On top of this, the background of choice was Spy, with features taken from the playtest rules. The Spy gains proficiencies in Deception and Stealth skills as well as disguises. The Spy knows another extra language and has contacts in a network of other spies.

I’m not sure if he made these choices deliberately with some grand design in mind, but the potential for this character is actually pretty high. I’m picturing Martin Landau’s Rollin Hand or Leonard Nimoy’s Paris, masters of disguise from Mission Impossible. I can’t wait for the role-playing aspect to kick in at the game table (hint hint! Are you reading this?)

At level three the Rogue chose the path of the assassin. He got his license to kill. He’s a medieval James Bond with pointy ears.



New Players, Old School Game

My kids game is fast approaching and I’m seriously considering changing the game on them. Again. We’re part way into our third adventure and I’m beginning to think that it was the wrong choice for the group.

We’re currently playing through Wizards of the Coast’s “Hoard of the Dragon Queen.” So far, I like the material. The story line is intriguing and the quests appropriately challenging for lower level characters. So far, each chapter has offered up a different style of play. The story opens with a small sandbox of level one encounters in the middle of a town-wide battle. The second chapter has a much subtler infiltration mission. Chapter three is a small dungeon crawl. It’s a sampler of Fifth Edition game play.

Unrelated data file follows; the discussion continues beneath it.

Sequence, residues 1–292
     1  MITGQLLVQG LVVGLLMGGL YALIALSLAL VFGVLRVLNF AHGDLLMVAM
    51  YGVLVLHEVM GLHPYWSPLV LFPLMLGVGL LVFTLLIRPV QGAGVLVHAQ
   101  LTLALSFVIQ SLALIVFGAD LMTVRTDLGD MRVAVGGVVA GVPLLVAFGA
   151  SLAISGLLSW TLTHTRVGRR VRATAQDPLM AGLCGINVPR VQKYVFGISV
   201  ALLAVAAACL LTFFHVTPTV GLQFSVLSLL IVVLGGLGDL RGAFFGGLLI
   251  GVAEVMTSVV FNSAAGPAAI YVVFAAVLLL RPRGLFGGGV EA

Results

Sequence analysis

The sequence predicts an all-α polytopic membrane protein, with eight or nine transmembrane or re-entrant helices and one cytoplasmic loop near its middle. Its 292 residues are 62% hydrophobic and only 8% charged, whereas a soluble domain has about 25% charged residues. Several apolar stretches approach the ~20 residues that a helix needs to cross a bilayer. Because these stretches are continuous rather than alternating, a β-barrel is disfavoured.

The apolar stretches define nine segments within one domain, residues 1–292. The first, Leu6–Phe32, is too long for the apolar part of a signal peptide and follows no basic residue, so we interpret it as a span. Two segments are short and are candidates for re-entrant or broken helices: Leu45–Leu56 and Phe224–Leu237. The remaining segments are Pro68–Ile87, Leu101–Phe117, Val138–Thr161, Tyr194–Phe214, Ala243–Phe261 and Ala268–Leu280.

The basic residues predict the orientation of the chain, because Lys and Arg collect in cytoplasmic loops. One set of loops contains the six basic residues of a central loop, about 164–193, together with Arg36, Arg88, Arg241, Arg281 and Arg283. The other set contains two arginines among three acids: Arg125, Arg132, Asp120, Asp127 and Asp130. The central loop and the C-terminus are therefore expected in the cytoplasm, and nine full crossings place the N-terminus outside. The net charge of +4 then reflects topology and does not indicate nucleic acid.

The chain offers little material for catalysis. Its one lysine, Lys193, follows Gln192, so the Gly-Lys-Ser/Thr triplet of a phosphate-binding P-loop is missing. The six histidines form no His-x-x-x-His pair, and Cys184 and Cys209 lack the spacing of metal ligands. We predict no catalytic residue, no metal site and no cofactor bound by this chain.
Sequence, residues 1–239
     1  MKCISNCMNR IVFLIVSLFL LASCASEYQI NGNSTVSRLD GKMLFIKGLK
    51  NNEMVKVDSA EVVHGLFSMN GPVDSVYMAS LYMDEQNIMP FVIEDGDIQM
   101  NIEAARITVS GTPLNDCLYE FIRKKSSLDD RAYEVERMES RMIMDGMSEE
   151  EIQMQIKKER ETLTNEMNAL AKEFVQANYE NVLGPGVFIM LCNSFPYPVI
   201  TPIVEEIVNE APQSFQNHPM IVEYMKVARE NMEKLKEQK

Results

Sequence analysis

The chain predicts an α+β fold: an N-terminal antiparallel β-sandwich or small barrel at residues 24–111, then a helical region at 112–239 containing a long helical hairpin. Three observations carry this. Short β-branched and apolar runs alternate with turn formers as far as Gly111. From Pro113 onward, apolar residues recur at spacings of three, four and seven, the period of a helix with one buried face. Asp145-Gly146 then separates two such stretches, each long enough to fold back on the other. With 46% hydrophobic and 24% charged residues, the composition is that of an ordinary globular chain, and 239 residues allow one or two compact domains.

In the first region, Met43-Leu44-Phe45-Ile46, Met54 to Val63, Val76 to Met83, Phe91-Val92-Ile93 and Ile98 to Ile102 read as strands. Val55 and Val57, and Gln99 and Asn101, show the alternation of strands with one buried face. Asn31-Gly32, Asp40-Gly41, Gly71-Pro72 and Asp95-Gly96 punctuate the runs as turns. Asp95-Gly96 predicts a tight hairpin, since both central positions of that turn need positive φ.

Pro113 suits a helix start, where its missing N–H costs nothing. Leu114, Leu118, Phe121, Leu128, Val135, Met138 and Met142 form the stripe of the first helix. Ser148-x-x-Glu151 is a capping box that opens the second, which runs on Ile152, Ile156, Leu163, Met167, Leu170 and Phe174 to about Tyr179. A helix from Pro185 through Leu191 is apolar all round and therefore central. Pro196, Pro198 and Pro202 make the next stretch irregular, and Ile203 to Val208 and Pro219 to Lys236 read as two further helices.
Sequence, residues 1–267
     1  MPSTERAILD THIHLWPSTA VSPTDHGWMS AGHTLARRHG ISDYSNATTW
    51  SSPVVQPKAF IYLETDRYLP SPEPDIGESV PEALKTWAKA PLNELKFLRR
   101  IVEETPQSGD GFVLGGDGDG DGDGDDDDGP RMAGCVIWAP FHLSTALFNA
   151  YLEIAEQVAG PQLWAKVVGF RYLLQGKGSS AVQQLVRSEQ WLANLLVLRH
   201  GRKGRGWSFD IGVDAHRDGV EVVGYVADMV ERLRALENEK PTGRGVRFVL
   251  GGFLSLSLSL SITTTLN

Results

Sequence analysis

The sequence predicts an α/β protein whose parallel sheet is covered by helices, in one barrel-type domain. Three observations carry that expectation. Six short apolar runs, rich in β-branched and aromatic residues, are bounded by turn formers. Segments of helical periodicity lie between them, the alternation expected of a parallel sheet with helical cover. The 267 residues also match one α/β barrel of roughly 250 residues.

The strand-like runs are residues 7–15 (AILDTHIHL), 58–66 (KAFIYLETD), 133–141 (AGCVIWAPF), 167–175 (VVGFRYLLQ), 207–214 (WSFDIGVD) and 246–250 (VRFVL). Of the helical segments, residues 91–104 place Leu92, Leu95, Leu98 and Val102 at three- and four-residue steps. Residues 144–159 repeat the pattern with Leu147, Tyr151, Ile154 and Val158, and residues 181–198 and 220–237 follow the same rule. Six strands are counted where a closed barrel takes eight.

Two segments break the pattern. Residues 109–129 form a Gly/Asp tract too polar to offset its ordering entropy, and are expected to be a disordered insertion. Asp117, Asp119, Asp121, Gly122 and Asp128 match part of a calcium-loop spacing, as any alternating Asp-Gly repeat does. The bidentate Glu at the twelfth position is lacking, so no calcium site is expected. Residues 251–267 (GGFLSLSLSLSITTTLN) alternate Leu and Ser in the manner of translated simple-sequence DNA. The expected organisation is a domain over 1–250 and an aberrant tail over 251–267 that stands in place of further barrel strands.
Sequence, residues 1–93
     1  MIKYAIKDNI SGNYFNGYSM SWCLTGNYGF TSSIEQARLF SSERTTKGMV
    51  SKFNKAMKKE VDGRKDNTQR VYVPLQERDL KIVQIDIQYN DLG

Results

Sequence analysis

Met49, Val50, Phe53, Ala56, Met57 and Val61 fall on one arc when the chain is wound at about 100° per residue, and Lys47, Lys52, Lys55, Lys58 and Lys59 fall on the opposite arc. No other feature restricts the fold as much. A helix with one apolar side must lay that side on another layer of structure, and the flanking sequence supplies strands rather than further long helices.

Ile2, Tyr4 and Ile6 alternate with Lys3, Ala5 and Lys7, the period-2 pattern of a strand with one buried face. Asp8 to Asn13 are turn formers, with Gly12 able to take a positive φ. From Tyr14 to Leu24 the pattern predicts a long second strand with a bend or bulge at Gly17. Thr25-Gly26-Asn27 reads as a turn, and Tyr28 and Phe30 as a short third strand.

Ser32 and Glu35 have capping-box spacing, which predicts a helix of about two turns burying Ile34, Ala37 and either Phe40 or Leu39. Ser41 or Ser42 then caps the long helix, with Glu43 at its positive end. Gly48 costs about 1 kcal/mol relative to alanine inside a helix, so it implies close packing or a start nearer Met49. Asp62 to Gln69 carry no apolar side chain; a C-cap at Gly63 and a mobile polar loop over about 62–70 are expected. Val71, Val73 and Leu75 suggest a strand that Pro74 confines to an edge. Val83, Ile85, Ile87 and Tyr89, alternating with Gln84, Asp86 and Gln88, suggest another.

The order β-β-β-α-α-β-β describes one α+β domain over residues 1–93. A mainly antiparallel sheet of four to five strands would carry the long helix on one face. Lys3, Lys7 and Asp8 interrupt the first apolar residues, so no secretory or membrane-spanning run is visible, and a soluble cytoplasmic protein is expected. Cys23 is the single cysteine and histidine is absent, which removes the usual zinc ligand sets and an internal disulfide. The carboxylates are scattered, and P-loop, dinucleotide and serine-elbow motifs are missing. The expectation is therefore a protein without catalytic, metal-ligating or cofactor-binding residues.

Far from being a criticism of the material, I see this as a great way for seasoned players to quickly become familiar with as much of the new rules as possible. But for younger, novice players, this is a lot to take in all at once. My crew is still solidly in the “hack and slash” style of play.

Before this, we had played a bit of “Ghosts of Dragonspear Castle”, an adventure written for the 5E playtest rules. Our first adventure was a swamp filled with wandering monsters and a small series of caves with a boss fight and a chat with a dragon. When we switched to the official 5E rules, I managed to transition the story by handing off the characters from one Lord with a mission to another. This worked well enough, but I’m realizing that both adventures were just heroic contract work.